Image Representations in Deep Neural Networks and their Applications to Neural Data Modelling

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Dokumentart: PhDThesis
Date: 2022-12-19
Language: English
Faculty: 7 Mathematisch-Naturwissenschaftliche Fakultät
Department: Informatik
Advisor: Bethge, Matthias (Prof. Dr.)
Day of Oral Examination: 2022-12-01
DDC Classifikation: 004 - Data processing and computer science
570 - Life sciences; biology
Keywords: Maschinelles Lernen , Neurowissenschaften , Neuronales Netz
Other Keywords:
Machine Learning
Deep Learning
Representation Learning
Neural Information Processing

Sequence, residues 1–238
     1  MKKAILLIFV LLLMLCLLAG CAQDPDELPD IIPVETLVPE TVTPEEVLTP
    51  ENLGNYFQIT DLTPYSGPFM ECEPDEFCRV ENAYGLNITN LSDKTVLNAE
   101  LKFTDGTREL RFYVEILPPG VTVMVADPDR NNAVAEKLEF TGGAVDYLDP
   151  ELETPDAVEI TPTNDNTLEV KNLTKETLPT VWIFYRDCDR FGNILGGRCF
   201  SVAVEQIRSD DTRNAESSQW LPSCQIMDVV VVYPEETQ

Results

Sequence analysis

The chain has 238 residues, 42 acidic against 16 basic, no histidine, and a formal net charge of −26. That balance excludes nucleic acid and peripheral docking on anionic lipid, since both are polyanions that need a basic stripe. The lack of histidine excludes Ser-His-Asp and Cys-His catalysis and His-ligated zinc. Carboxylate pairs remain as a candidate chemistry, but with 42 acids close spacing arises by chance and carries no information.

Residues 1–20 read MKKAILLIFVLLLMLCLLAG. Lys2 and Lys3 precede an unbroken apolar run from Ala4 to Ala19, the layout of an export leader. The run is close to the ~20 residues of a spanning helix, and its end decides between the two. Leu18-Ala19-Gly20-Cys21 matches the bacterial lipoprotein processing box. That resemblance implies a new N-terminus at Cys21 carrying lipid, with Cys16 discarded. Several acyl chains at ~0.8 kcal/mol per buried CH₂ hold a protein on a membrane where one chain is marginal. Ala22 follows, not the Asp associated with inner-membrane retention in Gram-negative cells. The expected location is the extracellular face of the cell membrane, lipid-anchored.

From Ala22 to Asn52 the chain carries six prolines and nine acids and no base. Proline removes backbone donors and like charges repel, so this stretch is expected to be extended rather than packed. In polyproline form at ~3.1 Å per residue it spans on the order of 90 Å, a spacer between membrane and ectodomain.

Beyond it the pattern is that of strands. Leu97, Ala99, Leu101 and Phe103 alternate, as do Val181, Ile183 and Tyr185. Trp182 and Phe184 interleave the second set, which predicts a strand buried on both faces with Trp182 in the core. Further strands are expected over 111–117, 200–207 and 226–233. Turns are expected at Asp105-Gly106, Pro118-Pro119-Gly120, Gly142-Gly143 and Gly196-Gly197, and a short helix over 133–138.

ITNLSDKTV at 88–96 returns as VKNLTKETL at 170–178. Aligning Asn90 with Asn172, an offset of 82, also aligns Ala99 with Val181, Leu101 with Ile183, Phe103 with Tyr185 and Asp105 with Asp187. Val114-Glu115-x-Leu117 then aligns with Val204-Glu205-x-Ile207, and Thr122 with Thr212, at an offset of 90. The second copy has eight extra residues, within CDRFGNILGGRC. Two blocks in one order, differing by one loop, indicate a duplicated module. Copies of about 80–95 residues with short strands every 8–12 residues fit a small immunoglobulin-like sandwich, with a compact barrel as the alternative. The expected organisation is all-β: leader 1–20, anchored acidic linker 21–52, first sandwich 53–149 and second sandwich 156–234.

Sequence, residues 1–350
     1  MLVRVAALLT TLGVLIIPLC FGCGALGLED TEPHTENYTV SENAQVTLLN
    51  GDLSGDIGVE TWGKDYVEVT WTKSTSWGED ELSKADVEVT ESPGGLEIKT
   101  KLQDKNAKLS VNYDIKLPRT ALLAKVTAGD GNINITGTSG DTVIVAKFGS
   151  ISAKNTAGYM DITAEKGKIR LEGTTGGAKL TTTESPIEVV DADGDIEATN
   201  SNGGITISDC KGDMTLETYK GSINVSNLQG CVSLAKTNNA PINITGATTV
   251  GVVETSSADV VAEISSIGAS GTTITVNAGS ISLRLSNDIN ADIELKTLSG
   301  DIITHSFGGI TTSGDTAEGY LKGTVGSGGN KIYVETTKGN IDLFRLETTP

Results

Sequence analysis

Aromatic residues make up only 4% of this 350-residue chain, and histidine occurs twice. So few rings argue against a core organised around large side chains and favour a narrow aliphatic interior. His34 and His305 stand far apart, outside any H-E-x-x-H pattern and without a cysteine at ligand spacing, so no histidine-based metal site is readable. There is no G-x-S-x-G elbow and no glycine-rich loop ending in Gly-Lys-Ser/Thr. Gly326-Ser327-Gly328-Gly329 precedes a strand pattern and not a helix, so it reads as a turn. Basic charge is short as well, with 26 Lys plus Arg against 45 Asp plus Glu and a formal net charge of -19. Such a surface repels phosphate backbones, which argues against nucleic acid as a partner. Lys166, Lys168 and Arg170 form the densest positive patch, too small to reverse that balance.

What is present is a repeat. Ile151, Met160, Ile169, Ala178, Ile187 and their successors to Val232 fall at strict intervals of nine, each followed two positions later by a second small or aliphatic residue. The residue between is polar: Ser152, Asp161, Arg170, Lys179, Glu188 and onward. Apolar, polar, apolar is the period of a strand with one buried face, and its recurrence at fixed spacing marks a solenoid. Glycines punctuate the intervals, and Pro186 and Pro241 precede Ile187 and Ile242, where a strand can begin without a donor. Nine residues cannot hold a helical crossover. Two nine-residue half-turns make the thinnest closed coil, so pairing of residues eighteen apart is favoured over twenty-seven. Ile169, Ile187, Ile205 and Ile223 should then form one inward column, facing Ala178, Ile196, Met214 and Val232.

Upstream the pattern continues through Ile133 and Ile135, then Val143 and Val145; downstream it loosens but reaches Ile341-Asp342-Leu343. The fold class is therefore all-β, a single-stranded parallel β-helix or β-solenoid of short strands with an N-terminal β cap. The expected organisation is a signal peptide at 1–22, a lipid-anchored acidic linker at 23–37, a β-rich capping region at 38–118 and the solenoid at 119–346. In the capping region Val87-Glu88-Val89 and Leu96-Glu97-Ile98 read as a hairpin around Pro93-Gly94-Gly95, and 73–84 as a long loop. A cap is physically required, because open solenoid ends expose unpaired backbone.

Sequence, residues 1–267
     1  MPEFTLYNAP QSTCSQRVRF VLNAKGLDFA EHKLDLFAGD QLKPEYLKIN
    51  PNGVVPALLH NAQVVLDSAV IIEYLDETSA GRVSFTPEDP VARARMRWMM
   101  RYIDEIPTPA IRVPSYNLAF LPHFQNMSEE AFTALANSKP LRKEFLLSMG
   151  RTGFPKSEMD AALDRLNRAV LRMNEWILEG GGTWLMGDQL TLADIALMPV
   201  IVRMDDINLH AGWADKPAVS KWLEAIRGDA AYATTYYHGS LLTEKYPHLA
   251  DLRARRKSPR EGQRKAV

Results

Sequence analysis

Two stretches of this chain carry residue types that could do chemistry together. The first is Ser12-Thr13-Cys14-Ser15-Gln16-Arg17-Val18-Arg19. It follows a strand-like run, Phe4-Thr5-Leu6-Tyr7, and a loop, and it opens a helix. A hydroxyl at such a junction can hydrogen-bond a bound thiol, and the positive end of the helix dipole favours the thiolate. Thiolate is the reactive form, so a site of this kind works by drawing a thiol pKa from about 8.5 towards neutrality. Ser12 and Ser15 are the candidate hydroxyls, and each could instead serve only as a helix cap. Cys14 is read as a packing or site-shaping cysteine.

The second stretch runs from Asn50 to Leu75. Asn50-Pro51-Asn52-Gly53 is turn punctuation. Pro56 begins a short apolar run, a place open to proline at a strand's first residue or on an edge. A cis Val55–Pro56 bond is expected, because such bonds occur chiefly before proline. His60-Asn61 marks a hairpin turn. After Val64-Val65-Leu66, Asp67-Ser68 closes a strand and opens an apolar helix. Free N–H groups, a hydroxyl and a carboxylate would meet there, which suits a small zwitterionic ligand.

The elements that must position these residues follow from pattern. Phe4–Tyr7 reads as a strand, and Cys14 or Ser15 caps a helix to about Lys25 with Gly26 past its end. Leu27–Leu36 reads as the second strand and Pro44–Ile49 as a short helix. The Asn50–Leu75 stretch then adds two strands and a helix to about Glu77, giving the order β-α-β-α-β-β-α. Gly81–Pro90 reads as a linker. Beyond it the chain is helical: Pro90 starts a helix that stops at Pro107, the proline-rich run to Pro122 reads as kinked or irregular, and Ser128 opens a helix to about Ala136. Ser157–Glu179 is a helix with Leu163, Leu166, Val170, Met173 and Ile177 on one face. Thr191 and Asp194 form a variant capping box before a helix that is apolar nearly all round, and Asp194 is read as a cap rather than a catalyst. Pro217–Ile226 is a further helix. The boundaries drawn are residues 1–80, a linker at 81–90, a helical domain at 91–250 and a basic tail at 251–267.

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Over the last decade, deep neural networks (DNNs) have become a standard tool in computer vision, allowing us to tackle a variety of problems from classifying objects in natural images to generating new images to predicting brain activity. Such a wide applicability of DNNs is something that these models have in common with the human vision, and exploring some of these similarities is the goal of this thesis. DNNs much like human vision are hierarchical models that process an input scene with a series of sequential computations. It has been shown that typically only a few final computations in this hierarchy are problem-specific, while the rest of them are quite general and applicable to a number of problems. The results of intermediate computations in the DNN are often referred to as image representations and their generality is another similarity to human vision which also has general visual areas (e.g. primary visual cortex) projecting further to the specialised ones solving specific visual tasks. We focus on studying DNN image representations with the goal of understanding what makes them so useful for a variety of visual problems. To do so, we discuss DNNs solving a number of specific computer vision problems and analyse similarities and differences of their image representations. Moreover, we discuss how to build DNNs providing image representations with specific properties which enables us to build a "digital twin" of the mouse primary visual system to be used as a tool for studying the computations in the brain. Taking these results together, we concluded that in general we are still lacking a good understanding of DNN representations. Despite the progress on some specific problems, it still remains largely an open question how the image information is organised in these representations and how to use it for solving arbitrary visual problems. However, we also argue that thinking of DNNs as "digital twins" might be a promising framework for addressing these issues in the future DNN research as they allow us to study image representations by means of computational experiments rather than rely on a priori ideas of how these representations are structured which has proven to be quite challenging.

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